Models Monday: The Confederate Flag’s Stark Simplicity

No American can claim that the Confederate Flag testifies to their proud “Southern Heritage” and be committed to freedom, truth, justice, equality, and democracy. All Americans who make such a claim in support of this flag are dangerous people because they are irrational. These people have mistaken an advertisement concocted in New York as the basis of their longing for a return to this “bucolic way of life,” lack credibility. History exposes the savagery of enslaving black people as it “flashes up at a moment of danger.” When “outside agitators” fuel outrage in response to police officers murdering a black man, the language alone recalls the same words used in justifying white supremacy and exemplifies Walter Benjamin’s understanding of history as recognition of past events in the present. When white men whose job involves service and protection justify shooting two unarmed black people 137 times, failing to render aid to a 12-year-old black boy after shooting him without warning as well as in rendering aid to a black man guilty of selling individual cigarettes, history’s presence is found in the illogical fear of unarmed black people and in the impromptu theater, the spectacle, of staging this unmerciful scene. When a white boy walks into a black church and makes himself at home there before proceeding to kill his hosts because “You rape our women, and you’re taking over our country,” history emerges through the recitation of white supremacist groups like the Ku Klux Klan and the White Citizen’s Council to justify lethal assault. There is nothing complicated about flying the Confederate Flag. That flag underscores the maintenance of the past in the present.

When Nikki Haley, the Republican governor of South Carolina, defended the Confederate flag’s place on statehouse grounds because she:

spent a lot of my days on the phones with CEOs and recruiting jobs to [South Carolina and] can honsestly say [that she has] not had one conversation with a single CEO about the Confederate flag,

I knew I was living during the same time as my elders who were enslaved and those who were treated as second-class citizens under the dictates of Jim Crow. Though dishonest, deficient, and mostly illiterate interpretations of the Christian bible was the grounding text for Jim Crow, the bible is a solid choice. This foolish woman, this modern symbol of transformation, uses the worst text ever to justify white supremacy. Who looks to greedy CEOs for moral guidance? Also, Haley thinks that highlighting good darkies who were appointed or elected officials as evidence of Southern change makes good sense. Haley offers her Indian American heritage as proof of racial progress. This weak sample reminds me of the insight I gained from an Indian American woman who described being mistaken for the IT tech when she entered professional spaces. Soon after that, she and I shared the experience of having her co-panelist enact this very thing when she experienced trouble with the projector during her presentation. Haley appears clueless about how dark skin functions in professional spaces. She thinks her colleagues see her as an equal and not as the head IT girl in charge. I’m sure they just walk into her office and tell her what to say, what to write, and what to think. In fact, I’m pretty sure that any person in her professional environment without dark skin believes that they can also order Haley around. Coincidentally, Haley shifted her stance on the flag an hour ago; someone on her staff must have told her to. Nonetheless, Haley recalls Margaret Mitchell’s construction of amused white slaveholders whose trusted help confused escaping the lash as evidence of trust, respect, and authority. Instead, the professed amusement soothed slaveholders’ anxiety regarding their power to suppress the personhood of their chattel.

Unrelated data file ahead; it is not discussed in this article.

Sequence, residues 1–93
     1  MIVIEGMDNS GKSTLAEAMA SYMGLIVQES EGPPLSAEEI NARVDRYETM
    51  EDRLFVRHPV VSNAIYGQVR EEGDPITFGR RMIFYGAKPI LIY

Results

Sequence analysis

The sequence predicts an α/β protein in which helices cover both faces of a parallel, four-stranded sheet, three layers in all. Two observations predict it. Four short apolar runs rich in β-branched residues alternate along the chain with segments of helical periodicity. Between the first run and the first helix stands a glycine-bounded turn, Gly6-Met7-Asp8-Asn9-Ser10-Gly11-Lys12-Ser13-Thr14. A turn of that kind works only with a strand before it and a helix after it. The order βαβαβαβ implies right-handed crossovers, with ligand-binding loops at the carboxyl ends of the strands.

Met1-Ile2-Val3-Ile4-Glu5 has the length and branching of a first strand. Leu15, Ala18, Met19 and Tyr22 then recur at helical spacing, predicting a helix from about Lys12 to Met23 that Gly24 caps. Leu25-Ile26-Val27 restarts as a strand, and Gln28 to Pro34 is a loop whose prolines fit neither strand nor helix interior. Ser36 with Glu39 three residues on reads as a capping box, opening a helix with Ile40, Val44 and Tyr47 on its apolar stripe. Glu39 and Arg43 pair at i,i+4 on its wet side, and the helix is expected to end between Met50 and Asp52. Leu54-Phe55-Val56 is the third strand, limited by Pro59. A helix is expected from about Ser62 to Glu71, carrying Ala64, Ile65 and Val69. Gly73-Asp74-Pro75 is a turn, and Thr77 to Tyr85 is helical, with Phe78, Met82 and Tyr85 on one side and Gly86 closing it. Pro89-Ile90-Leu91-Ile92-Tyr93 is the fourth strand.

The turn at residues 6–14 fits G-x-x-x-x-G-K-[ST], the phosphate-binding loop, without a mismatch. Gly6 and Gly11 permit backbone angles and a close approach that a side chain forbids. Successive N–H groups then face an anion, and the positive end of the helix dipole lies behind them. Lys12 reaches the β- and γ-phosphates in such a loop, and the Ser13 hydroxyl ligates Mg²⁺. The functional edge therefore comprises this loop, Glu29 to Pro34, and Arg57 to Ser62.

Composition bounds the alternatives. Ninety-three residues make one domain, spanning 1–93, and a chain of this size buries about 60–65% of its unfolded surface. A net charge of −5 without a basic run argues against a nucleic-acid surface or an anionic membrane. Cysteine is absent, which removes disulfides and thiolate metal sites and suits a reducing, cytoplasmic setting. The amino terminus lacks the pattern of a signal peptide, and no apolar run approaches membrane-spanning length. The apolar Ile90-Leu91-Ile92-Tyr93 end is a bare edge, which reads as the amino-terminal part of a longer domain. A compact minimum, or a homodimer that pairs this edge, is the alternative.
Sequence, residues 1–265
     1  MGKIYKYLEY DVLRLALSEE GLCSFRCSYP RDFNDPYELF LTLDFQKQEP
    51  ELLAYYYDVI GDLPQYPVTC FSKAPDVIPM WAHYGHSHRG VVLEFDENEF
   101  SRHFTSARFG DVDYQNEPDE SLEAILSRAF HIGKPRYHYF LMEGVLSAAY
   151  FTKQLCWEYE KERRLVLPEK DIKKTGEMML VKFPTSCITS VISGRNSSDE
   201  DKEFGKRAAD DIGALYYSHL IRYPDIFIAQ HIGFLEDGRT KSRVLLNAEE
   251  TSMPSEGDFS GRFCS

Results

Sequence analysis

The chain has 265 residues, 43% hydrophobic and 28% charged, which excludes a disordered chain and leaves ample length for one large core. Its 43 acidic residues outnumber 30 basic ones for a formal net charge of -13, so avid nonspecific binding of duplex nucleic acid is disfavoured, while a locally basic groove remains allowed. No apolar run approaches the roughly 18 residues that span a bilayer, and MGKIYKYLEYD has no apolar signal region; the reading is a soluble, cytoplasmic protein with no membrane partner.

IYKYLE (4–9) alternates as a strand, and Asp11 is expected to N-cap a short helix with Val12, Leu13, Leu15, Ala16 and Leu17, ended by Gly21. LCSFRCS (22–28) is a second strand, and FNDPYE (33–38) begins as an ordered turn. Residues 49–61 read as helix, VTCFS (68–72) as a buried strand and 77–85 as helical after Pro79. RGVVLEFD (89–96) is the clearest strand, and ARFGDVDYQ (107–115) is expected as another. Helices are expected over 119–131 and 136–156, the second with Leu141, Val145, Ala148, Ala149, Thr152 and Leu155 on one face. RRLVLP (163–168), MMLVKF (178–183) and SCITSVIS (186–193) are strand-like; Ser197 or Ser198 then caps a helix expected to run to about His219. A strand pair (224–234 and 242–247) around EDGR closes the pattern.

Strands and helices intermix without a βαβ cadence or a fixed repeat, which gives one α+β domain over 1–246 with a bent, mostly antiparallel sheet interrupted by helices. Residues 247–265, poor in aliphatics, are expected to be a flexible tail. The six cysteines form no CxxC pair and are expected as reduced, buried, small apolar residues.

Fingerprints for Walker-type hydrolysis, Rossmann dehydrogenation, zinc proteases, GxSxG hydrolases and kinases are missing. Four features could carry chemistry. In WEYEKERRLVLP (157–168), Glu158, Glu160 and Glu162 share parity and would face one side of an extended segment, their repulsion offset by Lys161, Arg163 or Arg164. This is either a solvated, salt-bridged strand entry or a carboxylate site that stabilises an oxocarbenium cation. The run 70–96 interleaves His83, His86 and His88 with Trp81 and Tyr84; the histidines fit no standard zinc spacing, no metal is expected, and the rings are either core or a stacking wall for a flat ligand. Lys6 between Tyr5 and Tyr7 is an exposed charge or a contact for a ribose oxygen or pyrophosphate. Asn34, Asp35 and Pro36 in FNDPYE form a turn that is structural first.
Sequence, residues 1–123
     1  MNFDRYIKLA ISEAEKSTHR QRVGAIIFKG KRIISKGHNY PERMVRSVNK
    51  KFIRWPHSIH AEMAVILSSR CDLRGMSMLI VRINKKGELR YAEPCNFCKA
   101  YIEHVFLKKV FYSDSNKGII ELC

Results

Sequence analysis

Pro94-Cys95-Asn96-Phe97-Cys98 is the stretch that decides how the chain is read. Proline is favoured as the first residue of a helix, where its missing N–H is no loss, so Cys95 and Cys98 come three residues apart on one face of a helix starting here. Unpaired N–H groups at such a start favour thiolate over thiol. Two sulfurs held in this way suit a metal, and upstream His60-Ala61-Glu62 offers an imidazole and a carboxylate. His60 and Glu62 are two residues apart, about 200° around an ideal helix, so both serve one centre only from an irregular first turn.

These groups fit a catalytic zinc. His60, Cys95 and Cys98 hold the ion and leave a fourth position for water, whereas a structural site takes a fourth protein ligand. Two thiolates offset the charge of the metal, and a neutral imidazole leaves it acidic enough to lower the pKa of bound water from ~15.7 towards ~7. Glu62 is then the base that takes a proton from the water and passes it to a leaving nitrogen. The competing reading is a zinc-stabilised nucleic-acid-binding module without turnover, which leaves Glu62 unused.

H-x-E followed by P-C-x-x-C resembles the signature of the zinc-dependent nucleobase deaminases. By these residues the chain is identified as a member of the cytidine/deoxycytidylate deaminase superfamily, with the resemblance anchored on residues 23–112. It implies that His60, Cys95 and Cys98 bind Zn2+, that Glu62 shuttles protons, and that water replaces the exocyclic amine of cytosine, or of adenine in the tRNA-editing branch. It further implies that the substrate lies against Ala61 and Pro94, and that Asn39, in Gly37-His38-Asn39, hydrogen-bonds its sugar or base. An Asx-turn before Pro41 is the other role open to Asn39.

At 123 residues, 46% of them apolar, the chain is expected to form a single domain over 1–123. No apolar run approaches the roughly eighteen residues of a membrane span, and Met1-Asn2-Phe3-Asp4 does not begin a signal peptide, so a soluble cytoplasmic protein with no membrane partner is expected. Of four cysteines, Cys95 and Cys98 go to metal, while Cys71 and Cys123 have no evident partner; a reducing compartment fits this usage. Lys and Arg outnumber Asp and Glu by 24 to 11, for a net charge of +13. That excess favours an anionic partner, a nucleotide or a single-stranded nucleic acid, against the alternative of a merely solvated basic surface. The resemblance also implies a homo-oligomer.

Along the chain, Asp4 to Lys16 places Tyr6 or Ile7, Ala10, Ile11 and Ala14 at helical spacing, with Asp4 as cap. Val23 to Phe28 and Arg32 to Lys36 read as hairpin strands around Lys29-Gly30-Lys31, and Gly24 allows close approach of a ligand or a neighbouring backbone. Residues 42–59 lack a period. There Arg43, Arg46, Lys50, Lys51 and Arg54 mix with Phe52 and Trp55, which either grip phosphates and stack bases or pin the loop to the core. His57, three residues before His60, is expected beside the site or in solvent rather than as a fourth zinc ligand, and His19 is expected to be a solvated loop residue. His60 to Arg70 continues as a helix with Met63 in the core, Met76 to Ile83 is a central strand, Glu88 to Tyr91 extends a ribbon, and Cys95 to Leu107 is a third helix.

People who embrace the confederate flag as a symbol of pride scare me. I understand that flag through my ancestors. They knew what to do with the information they read in the details of a world where they were prey. As someone who understands history through both Benjamin and Marx (as well as Freud), I accept the materiality of the past within current moments. To that end, the Confederate flag means defiance; it means depraved indifference towards black life; it means denouncing longstanding, acute readings that have helped black people fully live in a nation committed to their subjugation. Accepting the Confederate flag as a complicated symbol wastes intellectual energy and actual time. It symbolizes hatred and intolerance…it’s really that simple.

Given that this is public and not private writing, I expect engagement. I fully admit my bias against arguments made in defense of that flag. I’ll “approve” the comment through WordPress because whatever hate mail I receive should be a matter of public record. Given such bias, I won’t waste my time trying to reason with one’s faith in white supremacy; that’s a fool’s errand.

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